I know I just blogged about this policy in "Blog post: Static Analysis in Perl - or yet another policy", but as I concluded the post I am pondering trying to get the policy adopted into Perl::Critic core.
I looked at the TODO list and list of known issues and decided that the policy was not ready for a PR to Perl::Critic, since I want it to have all the features I have listed implemented.
Sparked by a sudden inspiration I got the last feature implemented and the result has been uploaded to CPAN as 2.00.
Release 2.00 introduces the ability to configure if you want the evaluation performed by the policy to be strict or liberal (the default).
So you can add a configuration parameter to your Perl::Critic profile and enable strictness.
[RegularExpressions::RequireDefault] strict = 1
The policy, if enabled, allow for both
aa by default. If
strict however is enabled,
a will trigger a violation and
aa will not, hence the strictness.
my $ascii_letters =~ m/[A-Z]*/i; # not ok my $ascii_letters =~ m/[A-Z]*/a; # ok, but not ok with strict enabled my $ascii_letters =~ m/[A-Z]*/aa; # ok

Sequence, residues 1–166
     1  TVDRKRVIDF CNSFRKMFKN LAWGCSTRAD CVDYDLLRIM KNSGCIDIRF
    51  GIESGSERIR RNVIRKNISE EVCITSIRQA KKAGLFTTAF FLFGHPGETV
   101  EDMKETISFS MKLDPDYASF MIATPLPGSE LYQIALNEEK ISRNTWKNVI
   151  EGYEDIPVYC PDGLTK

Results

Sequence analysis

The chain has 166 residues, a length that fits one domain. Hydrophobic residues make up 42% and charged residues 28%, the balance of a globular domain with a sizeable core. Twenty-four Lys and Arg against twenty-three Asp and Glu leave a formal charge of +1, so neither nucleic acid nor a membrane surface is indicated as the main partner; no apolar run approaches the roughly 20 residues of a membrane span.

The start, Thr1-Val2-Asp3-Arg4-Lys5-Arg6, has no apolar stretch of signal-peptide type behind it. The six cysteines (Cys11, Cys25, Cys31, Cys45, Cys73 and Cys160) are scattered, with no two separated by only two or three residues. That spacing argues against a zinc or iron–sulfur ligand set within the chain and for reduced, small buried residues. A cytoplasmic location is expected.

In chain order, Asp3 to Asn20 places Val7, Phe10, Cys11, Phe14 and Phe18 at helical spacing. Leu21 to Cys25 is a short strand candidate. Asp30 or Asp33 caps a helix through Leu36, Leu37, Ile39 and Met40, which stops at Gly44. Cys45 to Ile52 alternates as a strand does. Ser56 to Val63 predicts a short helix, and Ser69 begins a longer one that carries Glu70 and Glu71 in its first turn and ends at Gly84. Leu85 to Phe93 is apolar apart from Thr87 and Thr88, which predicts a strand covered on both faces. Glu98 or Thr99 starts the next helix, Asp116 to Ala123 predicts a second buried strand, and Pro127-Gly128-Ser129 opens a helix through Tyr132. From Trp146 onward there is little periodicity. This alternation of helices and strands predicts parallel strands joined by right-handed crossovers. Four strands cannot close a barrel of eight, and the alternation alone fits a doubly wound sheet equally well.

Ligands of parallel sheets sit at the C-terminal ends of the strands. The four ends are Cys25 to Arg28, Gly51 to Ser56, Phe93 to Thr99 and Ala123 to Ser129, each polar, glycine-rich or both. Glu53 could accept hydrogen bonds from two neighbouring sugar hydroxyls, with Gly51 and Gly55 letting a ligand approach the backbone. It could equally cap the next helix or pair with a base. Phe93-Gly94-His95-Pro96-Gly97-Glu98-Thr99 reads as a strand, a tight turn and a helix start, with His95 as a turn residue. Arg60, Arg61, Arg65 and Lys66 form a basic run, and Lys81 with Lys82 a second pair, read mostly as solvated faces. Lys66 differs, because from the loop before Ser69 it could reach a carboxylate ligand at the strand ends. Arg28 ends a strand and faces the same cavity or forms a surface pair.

The policy also evaluates if the pragmas are enabled under the same conditions:
use re 'a'; # ok, but not ok with strict enabled use re 'aa'; # ok
The implementation still has an issue with the pragma use in general, since it is difficult to handle the enabling and disabling of pragmas locally in the source code. Perl::Critic works on a external parsing of the source code in question using PPI, meaning not the actual AST as you can see some static analysis tools do, so these things do not come as easily as for these tools, which work more integrated into the actual parsing of the source code.
Anyway I will now continue my evaluation of the possibility of getting the policy adopted by Perl::Critic.